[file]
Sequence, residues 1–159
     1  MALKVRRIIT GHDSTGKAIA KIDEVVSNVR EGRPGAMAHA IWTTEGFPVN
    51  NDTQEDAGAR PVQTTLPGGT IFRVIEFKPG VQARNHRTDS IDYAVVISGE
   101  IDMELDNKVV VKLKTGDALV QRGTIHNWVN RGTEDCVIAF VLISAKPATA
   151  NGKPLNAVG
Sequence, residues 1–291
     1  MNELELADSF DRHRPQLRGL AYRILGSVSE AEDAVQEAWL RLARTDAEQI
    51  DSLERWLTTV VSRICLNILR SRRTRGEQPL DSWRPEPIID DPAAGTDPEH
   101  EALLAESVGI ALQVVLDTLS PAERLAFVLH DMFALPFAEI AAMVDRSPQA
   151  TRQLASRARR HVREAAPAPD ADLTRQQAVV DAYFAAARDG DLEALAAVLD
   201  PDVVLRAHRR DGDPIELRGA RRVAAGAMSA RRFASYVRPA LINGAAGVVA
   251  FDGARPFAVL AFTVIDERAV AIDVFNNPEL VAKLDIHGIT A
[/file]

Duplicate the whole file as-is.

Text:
Sequence, residues 1–159
     1  MALKVRRIIT GHDSTGKAIA KIDEVVSNVR EGRPGAMAHA IWTTEGFPVN
    51  NDTQEDAGAR PVQTTLPGGT IFRVIEFKPG VQARNHRTDS IDYAVVISGE
   101  IDMELDNKVV VKLKTGDALV QRGTIHNWVN RGTEDCVIAF VLISAKPATA
   151  NGKPLNAVG
Sequence, residues 1–291
     1  MNELELADSF DRHRPQLRGL AYRILGSVSE AEDAVQEAWL RLARTDAEQI
    51  DSLERWLTTV VSRICLNILR SRRTRGEQPL DSWRPEPIID DPAAGTDPEH
   101  EALLAESVGI ALQVVLDTLS PAERLAFVLH DMFALPFAEI AAMVDRSPQA
   151  TRQLASRARR HVREAAPAPD ADLTRQQAVV DAYFAAARDG DLEALAAVLD
   201  PDVVLRAHRR DGDPIELRGA RRVAAGAMSA RRFASYVRPA LINGAAGVVA
   251  FDGARPFAVL AFTVIDERAV AIDVFNNPEL VAKLDIHGIT A